CES 2020

Uber, Hyundai team up to develop air taxis using automotive-scale manufacturing

Hyundai and Uber have teamed up to create future of air taxis.

Photo courtesy of Hyundai

Chances are that if you've taken an Uber recently, you've seen some new transportation additions to the app like scooters and the availability to share rides. Users can also summon a helicopter straight from their smartphone. Hyundai and Uber have announced a partnership to develop the next-generation of rides to share, Uber Air Taxis.

Hyundai is the first company that has partnered with Uber in their Uber Elevate initiative to bring automotive-scale manufacturing capability to the electric air vehicle development process.

Hyundai Uber Air Taxi CES 2020 Hyundai and Uber will also collaborate on take-off and landing zone infrastructure.Photo courtesy of Hyundai

As part of the partnership, Hyundai will produce and deploy the air vehicles. Uber will provide airspace support services, connections for users from the air taxis to ground transportation, and customer interfaces through a sharing network. The companies are collaborating on infrastructure concepts to support take-off and landing zones.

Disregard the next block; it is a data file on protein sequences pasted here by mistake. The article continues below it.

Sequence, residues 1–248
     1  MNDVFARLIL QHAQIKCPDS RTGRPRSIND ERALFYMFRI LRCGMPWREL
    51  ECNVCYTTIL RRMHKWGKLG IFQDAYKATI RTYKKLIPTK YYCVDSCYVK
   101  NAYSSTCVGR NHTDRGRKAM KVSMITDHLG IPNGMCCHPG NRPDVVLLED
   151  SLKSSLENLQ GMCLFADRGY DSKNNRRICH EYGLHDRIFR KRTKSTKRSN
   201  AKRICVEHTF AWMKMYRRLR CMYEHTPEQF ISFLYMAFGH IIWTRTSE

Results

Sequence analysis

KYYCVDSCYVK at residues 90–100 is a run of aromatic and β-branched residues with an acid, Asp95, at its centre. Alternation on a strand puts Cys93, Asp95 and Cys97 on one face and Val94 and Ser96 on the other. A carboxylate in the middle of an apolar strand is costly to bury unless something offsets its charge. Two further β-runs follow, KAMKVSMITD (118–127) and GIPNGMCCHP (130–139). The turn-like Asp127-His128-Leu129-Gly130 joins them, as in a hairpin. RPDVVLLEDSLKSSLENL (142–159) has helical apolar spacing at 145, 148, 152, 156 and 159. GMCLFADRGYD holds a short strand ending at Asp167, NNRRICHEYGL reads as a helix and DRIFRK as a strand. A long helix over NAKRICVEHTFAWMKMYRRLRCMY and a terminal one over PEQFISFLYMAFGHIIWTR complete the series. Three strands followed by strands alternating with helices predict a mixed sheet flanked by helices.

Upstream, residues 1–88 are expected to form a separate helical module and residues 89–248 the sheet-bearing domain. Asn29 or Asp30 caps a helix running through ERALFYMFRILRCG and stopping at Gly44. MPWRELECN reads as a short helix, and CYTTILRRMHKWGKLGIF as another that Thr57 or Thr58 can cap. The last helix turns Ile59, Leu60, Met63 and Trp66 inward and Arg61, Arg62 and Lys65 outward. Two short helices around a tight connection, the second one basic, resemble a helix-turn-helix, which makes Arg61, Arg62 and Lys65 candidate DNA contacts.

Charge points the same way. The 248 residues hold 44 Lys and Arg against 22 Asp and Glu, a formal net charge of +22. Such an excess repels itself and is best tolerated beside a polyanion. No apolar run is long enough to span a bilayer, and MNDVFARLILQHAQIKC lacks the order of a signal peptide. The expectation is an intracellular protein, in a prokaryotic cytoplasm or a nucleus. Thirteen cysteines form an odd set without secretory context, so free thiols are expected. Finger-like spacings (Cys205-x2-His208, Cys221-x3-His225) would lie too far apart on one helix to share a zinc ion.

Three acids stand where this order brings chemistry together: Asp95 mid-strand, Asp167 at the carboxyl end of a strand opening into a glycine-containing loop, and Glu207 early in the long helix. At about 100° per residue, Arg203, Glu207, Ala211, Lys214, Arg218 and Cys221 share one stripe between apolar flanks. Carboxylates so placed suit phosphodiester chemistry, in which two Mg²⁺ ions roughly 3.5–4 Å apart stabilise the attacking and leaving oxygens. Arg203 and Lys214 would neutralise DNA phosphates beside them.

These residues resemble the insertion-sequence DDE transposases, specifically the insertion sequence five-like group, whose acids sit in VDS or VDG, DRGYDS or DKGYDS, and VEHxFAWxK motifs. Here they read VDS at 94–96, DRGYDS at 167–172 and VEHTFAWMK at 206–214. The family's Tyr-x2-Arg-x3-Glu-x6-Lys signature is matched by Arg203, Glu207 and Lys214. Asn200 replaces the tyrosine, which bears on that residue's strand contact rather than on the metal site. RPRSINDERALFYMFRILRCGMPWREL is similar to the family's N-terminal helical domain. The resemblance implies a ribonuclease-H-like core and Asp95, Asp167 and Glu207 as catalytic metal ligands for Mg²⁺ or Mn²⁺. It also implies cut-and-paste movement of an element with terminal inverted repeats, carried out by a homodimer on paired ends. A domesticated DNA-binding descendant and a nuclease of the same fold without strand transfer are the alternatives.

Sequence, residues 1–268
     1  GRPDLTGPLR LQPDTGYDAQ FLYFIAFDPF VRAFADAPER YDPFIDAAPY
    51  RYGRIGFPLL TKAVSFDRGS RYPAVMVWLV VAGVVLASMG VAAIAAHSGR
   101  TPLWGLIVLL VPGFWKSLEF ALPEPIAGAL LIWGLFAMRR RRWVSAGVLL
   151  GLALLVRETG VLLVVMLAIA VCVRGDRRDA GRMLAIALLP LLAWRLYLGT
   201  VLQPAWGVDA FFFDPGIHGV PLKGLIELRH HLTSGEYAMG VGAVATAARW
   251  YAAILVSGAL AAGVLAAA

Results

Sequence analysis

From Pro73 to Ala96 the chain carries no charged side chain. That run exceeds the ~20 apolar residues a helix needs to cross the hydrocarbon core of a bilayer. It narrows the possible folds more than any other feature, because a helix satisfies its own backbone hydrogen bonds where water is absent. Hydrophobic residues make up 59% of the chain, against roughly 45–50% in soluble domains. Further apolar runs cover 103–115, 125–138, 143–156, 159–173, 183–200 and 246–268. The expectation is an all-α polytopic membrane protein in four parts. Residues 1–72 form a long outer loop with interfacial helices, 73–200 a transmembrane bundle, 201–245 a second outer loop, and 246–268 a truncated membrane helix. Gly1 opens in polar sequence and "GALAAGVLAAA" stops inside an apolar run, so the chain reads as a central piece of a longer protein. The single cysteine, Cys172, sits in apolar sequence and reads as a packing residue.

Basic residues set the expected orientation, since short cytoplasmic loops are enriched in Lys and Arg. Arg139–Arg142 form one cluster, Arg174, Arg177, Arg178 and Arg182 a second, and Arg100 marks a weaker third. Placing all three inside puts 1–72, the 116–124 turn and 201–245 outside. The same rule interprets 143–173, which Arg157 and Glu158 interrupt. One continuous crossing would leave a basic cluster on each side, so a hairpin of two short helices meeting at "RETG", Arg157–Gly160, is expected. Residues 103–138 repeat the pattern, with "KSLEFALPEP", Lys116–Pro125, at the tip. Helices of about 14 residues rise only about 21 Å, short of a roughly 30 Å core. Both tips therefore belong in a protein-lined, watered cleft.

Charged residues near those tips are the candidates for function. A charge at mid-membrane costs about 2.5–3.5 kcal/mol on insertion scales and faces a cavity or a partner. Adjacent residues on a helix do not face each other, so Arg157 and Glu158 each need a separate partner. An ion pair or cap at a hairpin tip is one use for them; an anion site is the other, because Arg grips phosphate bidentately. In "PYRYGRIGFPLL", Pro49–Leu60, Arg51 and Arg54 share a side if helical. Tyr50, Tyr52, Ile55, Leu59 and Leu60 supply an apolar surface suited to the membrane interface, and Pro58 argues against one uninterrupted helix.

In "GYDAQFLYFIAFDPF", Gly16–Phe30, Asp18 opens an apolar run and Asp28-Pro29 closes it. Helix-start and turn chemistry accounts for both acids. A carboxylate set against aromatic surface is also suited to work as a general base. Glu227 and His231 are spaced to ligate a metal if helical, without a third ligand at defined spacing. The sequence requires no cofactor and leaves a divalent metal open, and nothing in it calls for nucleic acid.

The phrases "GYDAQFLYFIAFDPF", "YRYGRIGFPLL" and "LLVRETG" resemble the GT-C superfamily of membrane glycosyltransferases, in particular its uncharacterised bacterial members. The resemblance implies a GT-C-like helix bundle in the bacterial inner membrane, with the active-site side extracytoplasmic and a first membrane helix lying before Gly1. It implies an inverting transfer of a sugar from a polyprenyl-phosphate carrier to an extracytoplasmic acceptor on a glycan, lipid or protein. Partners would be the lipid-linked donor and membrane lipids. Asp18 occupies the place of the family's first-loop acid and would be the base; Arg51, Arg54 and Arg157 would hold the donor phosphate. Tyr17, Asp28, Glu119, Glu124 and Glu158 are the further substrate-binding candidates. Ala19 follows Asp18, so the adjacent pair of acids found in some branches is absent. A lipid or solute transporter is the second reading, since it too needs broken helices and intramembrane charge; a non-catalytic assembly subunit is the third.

"Hyundai is our first vehicle partner with experience of manufacturing passenger cars on a global scale," said Eric Allison, head of Uber Elevate. "We believe Hyundai has the potential to build Uber Air vehicles at rates unseen in the current aerospace industry, producing high quality, reliable aircraft at high volumes to drive down passenger costs per trip. Combining Hyundai's manufacturing muscle with Uber's technology platform represents a giant leap forward for launching a vibrant air taxi network in the coming years."

Hyundai has released information on an air vehicle concept that used Uber's open design process, which was inspired by NASA and encourages publicly releasing vehicle design concepts so any company can use them to innovate.

As part of that design process, Hyundai is revealing:

  • The concept air taxi is designed for a cruising speed up to 180 miles/hr (290 km/hr), a cruising altitude of around 1,000-2,000 feet (300 - 600 mt) above ground, and to fly trips up to 60 mile (100 km).
  • The Hyundai vehicle will be 100% electric, utilizing distributed electric propulsion and during peak hours will require about five to seven minutes for recharging.
  • Hyundai's electric aircraft utilizes distributed electric propulsion, powering multiple rotors and propellers around the airframe to increase safety by decreasing any single point of failure. Having several, smaller rotors also reduces noise relative to large rotor helicopters with combustion engines, which is very important to cities.